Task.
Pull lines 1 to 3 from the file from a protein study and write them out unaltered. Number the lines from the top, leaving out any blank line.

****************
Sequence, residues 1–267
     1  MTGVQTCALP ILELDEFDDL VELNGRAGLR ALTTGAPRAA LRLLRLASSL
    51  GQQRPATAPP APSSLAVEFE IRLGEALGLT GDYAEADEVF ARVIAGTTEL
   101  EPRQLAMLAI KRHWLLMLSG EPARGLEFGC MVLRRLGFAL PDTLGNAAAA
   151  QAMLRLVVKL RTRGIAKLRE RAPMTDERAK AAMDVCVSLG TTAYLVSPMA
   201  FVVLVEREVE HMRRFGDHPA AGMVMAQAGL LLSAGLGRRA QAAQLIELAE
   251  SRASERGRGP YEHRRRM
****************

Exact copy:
Sequence, residues 1–267
     1  MTGVQTCALP ILELDEFDDL VELNGRAGLR ALTTGAPRAA LRLLRLASSL
    51  GQQRPATAPP APSSLAVEFE IRLGEALGLT GDYAEADEVF ARVIAGTTEL